The listing that jumped out at me from the most recent catalog was John Szarkowski's Photographs, a comprehensive retrospective of the late MOMA curator's personal work. When it was released just a few years ago I figured it would be shortly out of print. But here it is three years later selling for less than $20. You can never tell.
Not to overstate things but Szarkowski is about as central to current photographic thought as the four apostles are to Christianity. By singlehandedly championing Friedlander, Winogrand, Eggleston, and Shore (among many others) he basically created the taste of an entire generation of art photography to follow. Who knows? If it weren't for him color might never have caught fire. The snapshot might still be relegated to family albums, safely quarantined from museums.
The irony is that Szarkowski's photographs —the ones which make up the bulk of his remaindered book which I don't plan to buy— look nothing like the work he helped establish. Instead it seems trapped in the pre-Szarkowski era. His photography is of the Weston school, large format b/w previsualized on a tripod with a heavy emphasis on natural forms. Trees, shadows, and rustic homes shown in infinite detail, the same junk we've all seen a million times. Although there are many current practitioners of this aesthetic I can't help consider it a little dated, and judging by the sales of his book I don't think I'm alone. Szarkowski himself must have sensed its tiredness, and that probably motivated him to expand photography's reach.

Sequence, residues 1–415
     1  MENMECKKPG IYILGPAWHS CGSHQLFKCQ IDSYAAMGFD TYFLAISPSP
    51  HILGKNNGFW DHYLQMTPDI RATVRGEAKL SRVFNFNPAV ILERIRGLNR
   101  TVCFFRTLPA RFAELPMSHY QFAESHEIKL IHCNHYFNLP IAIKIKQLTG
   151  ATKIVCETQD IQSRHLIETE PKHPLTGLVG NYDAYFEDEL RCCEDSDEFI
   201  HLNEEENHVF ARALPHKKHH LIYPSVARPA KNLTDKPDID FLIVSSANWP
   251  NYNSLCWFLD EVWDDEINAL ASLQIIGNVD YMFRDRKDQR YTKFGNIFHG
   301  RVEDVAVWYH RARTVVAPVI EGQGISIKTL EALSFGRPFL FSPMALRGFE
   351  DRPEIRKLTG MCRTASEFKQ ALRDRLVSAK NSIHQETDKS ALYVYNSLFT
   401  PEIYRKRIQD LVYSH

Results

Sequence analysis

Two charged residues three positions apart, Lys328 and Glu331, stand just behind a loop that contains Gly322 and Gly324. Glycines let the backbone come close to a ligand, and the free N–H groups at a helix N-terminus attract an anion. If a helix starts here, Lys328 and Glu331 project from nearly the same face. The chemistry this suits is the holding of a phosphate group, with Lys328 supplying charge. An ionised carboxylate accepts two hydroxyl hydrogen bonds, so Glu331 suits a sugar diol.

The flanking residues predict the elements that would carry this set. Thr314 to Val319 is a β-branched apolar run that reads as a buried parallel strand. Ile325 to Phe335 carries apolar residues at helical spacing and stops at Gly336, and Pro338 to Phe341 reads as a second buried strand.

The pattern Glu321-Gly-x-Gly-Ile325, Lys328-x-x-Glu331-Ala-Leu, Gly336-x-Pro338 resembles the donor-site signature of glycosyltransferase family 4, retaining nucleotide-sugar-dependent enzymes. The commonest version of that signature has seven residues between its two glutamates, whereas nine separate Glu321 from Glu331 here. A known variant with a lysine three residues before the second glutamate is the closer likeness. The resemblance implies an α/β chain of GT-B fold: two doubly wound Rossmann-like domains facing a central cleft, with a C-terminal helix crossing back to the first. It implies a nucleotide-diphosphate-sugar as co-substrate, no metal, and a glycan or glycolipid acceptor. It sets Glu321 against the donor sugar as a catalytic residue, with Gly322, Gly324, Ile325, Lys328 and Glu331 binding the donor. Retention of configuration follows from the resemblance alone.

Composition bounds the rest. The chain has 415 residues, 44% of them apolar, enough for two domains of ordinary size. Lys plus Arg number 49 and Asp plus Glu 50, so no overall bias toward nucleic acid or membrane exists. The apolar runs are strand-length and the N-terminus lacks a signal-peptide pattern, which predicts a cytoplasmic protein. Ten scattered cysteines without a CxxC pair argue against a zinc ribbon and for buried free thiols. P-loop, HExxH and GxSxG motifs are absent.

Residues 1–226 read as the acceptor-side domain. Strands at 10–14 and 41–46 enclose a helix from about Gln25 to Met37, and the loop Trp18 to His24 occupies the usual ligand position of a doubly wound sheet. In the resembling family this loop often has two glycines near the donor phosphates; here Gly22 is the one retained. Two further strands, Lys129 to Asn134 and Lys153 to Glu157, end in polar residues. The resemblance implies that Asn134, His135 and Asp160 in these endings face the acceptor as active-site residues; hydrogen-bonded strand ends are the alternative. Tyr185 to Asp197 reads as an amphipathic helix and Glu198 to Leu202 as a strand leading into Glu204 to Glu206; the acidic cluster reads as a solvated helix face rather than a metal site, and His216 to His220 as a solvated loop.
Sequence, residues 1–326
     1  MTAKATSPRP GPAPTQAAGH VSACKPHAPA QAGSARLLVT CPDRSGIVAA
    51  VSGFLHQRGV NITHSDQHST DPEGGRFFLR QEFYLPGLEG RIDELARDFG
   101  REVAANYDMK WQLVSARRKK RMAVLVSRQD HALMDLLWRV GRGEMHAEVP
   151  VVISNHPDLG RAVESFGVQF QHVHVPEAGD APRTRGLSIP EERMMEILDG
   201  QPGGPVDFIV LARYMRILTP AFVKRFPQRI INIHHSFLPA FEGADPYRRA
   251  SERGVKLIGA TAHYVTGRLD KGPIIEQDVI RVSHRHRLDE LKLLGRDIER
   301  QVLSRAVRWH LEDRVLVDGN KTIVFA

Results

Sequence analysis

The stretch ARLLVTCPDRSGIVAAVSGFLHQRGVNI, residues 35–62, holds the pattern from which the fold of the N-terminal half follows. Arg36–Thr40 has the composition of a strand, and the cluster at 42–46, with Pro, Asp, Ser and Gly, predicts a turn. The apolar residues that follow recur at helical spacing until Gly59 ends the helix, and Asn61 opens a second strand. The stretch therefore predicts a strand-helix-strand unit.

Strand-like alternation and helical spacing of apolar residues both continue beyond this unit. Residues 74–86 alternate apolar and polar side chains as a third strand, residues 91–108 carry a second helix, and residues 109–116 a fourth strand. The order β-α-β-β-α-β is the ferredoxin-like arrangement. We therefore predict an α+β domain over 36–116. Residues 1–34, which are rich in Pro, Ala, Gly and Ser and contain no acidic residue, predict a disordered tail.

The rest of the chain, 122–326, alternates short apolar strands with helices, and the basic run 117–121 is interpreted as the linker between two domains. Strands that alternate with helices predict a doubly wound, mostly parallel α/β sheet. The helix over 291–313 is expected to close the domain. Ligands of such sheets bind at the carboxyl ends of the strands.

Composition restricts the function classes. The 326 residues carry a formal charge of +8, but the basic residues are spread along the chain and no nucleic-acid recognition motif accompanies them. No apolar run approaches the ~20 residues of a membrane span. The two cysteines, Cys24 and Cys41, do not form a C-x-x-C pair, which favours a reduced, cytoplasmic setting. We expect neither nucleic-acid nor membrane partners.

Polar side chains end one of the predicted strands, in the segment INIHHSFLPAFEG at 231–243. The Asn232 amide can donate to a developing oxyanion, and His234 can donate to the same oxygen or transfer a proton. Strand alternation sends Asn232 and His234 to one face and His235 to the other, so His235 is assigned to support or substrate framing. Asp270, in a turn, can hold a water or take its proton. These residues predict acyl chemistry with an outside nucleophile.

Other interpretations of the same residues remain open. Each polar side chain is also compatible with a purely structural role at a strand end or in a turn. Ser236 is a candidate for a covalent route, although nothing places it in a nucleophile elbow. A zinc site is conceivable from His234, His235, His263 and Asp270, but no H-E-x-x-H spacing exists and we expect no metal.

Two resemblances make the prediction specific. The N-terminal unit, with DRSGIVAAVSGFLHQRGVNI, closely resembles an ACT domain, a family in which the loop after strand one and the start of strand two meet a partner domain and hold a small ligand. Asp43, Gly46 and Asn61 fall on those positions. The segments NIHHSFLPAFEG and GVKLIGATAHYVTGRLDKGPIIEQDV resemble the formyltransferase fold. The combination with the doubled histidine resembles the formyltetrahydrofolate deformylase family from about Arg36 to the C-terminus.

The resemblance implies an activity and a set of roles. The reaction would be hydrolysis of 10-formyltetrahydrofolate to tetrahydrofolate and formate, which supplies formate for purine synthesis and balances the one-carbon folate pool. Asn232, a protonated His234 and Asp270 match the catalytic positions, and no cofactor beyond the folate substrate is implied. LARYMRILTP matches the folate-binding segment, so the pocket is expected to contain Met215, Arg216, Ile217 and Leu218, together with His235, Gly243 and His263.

Yet even as his curatorial work was helping this style into obsolescence, his own photography never varied from it. To me this seems like the central paradox of his life. How was he able to see the work of others with such a fresh eye, and yet not have the same vision when viewing his own work? That question should be a spur to all photographers to look carefully at their own work and try to see it as others might.